Acura Grand Prix of Long Beach Part Two
A Racer's Race Day
Reporting from Saturday at the Acura Grand Prix in Long Beach, California.
By Brian Kennedy
Sat, Apr 9, 2022 10:57 PM PST
Featured image: Cadillac DPI of Sebastien Bourdais (photo by Albert J Wong)
Long Beach, CA - It was a racer’s race day Saturday in Long Beach, with IndyCar qualifying as well as IMSA WeatherTech Sportscar racing dominating a day that also featured Porsche Carrera Cup racing, Historic Motorsports racing, and other on-track features.
Fans who go to the Acura GP of Long Beach can be broadly categorized into two groups: lifestyle people and racing people. The lifestyle folks don’t mind paying sixteen bucks for a big beer or a fistful of dollars for a giant turkey leg. They’re in the LBC to see and be seen, and some of their outrageous outfits give that away. That’s all fine, but then there are the racers, and they got their thrills on Saturday also.
Long Beach is a track that’s hard to pass on. It’s narrow, and as is evident, there are concrete walls bordering the racing surface to keep wayward ambitions, not to mention cars, in line. Thus qualifying is important, and so is surviving whatever incidents happen between the walls.
IndyCar qualifying lived up to the measure of racer excitement. It works something like this: two groups of half the field are formed, and they each go out for hot laps, trying to stay out of each others’ way in order to get an unobstructed lap. The top six of these are then designated the “Fast Six,” and they have their own session to determine the pole, as well as starting positions.
On this day, the top three were Colton Herta, last year’s winner and the holder of the fastest time to take the pole, Josef Newgarden, and Alexander Rossi.
Both Newgarden and Rossi suggested that they’d like, at some point, to see the fast six do single-car qualifying, though it was also said that it’s not difficult to put down a flyer lap with just five other cars on track, more difficult in the group of 13, which is how big the first two sessions were, given the 26 entries this year.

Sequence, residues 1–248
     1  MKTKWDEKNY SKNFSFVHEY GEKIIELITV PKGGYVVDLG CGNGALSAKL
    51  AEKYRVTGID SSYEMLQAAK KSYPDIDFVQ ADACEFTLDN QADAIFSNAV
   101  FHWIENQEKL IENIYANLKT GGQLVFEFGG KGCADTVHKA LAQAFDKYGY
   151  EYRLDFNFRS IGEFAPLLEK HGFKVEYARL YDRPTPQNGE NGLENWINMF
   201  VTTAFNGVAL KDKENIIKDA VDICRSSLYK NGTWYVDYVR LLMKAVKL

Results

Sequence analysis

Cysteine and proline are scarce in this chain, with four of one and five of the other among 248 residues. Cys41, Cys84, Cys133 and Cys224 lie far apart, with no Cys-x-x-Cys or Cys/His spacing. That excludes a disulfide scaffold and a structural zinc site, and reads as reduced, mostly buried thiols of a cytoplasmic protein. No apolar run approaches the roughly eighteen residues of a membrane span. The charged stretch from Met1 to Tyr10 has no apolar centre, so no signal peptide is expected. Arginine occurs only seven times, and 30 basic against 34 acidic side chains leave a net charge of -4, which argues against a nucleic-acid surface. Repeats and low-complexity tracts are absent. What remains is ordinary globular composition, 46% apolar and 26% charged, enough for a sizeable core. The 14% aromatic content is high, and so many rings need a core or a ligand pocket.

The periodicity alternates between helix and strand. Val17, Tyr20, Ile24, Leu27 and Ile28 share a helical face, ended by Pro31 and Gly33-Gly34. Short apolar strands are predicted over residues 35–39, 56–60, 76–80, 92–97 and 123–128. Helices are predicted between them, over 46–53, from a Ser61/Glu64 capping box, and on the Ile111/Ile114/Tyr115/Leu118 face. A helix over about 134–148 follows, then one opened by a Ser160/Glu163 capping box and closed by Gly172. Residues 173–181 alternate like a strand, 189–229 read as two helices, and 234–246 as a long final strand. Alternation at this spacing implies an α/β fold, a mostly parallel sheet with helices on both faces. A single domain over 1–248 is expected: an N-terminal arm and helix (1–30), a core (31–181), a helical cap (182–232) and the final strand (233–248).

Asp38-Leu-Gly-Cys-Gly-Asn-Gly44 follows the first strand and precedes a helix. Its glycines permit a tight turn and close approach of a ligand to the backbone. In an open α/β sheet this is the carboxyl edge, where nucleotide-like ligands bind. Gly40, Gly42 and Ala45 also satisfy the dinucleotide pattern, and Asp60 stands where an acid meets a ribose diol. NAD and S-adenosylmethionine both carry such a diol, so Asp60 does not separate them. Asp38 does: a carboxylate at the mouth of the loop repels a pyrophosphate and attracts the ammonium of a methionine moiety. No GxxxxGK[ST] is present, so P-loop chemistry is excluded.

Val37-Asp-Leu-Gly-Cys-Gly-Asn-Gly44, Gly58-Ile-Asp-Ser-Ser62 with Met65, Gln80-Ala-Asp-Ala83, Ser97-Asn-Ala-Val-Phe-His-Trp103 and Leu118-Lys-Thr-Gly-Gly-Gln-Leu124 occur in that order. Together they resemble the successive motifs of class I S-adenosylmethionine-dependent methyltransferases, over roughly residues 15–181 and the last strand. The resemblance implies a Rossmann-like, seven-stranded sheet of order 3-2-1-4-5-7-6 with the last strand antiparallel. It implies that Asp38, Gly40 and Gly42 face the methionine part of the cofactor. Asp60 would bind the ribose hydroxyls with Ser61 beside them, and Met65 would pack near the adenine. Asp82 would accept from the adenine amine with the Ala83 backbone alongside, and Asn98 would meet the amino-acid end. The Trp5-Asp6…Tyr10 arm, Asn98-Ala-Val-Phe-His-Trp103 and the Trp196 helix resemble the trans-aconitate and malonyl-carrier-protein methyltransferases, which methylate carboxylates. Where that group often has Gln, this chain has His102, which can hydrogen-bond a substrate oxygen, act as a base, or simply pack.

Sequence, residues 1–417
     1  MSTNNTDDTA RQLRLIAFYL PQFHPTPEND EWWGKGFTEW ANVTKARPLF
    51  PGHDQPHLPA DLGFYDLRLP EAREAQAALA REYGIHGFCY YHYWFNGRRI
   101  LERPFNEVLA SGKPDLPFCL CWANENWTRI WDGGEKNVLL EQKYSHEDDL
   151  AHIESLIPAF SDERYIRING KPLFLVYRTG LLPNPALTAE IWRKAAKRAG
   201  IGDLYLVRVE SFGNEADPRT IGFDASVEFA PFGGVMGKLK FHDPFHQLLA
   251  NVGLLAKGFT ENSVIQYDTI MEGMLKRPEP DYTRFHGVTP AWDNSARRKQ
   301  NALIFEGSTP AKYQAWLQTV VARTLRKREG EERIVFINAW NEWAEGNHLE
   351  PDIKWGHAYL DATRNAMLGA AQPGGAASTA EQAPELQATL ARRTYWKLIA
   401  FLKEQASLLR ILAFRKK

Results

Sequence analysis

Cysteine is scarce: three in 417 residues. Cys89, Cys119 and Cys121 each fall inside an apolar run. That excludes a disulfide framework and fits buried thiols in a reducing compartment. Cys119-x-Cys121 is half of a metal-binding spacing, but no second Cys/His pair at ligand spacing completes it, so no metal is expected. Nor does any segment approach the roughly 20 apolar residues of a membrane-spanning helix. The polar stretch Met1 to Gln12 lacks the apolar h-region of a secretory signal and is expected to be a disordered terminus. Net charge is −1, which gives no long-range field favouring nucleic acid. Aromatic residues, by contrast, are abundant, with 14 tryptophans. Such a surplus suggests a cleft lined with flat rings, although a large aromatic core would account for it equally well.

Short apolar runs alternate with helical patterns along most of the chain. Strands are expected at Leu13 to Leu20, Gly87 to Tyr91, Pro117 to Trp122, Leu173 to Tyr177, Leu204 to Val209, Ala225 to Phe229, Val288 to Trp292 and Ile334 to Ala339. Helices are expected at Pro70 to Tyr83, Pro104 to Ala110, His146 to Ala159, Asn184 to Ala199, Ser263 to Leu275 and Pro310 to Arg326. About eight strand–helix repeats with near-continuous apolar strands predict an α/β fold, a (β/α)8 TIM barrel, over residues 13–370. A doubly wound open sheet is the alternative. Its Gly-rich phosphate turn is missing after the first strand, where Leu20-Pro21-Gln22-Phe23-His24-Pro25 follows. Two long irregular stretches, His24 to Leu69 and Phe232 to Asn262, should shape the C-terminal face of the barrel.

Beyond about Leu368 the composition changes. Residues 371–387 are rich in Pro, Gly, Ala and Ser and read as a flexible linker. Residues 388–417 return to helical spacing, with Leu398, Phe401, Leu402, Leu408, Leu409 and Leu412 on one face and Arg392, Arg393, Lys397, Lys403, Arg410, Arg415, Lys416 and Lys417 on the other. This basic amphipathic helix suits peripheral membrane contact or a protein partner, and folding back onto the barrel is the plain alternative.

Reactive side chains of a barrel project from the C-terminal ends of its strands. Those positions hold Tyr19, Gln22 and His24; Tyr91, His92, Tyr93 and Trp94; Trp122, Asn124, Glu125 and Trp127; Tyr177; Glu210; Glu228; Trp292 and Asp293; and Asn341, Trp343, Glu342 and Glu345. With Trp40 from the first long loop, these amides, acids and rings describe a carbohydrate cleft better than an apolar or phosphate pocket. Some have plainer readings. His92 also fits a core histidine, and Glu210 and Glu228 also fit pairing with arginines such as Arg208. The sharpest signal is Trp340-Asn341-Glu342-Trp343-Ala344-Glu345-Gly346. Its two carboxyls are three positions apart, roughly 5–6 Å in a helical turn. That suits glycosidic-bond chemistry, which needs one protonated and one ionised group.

As it was, Herta appeared to have the pole after the Fast Six session, but a red flag with two seconds left on the clock meant that the session was not over, as it had appeared to be. The cars sat, Herta holding the track qualifying record as of that moment at 1 minute, 5.3095 seconds. He alone did not go out and try to post another lap when the green came out once more, but there was an advantage to him anyway, as the other five drivers were now running on cold tires. Nobody unseated the California kid, and he’s starting in the prime spot on Sunday afternoon, when the racing resumes for the NTT IndyCar Series.
Why so fast? He attributed it to his team, of course, but each of the top three drivers also commented that there was a sealer put down, particularly around the fountain turn outside the Aquarium of the Pacific, which gave more grip and thus decreased lap times.
Following the IndyCar qualifications came the IMSA WeatherTech Sportscars race, 26 cars in three classes led by the Cadillacs of Ganassi teammates Sebastien Bourdais and Alex Lynn.
For Bourdais, who co-drove with Renger Van der Zande as the eventual winners, it was “a magical car in qualifying, had a good start . . . . [We]were pulling away and making the fuel number,” as he mentioned after the race. But just when it looked like a runaway, Bourdais got moved over too far on the hairpin turn coming back onto the front straight by a Porsche and nosed into the wall. This happened on lap seven. He got going again without assistance, but was 21 seconds behind the lead. Before you knew it, he was back up to second place, and back in the lead by lap 29. Perhaps his history of winning at Long Beach three different times in IndyCar played a part in this.
His tandem won the event in 60 laps over 100 minutes. There were five cautions, an unusual number. Three of the six DPI group (the fastest group) drivers in two cars led at different times. The other two classes, GT Daytona and GTD Pro, each had three leaders, though in GT Daytona, this was representative of only two cars.